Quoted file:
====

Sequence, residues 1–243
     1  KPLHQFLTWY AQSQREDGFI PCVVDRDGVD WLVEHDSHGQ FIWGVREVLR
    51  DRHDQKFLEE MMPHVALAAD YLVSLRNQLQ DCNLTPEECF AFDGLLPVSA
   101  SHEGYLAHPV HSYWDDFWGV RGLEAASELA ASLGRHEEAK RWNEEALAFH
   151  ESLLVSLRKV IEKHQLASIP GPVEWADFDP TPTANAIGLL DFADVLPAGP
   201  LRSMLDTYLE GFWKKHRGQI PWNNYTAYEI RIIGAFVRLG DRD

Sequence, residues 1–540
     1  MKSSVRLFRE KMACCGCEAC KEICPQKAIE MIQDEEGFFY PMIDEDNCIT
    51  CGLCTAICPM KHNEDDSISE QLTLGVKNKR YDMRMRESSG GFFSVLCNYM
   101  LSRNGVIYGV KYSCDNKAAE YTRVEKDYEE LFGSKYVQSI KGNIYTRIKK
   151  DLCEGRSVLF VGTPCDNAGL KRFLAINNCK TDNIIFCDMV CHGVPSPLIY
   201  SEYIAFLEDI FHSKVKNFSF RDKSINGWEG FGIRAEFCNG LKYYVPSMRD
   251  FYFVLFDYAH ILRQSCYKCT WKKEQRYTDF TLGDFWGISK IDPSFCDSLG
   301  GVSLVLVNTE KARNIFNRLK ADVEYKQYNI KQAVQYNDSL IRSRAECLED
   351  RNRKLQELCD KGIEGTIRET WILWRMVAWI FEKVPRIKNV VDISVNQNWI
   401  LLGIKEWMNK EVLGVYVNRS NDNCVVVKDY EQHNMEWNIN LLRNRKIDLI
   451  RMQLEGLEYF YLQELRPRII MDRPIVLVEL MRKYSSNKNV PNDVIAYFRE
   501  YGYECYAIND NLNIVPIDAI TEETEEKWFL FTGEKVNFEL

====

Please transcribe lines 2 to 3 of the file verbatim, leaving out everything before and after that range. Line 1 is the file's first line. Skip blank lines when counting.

     1  KPLHQFLTWY AQSQREDGFI PCVVDRDGVD WLVEHDSHGQ FIWGVREVLR
    51  DRHDQKFLEE MMPHVALAAD YLVSLRNQLQ DCNLTPEECF AFDGLLPVSA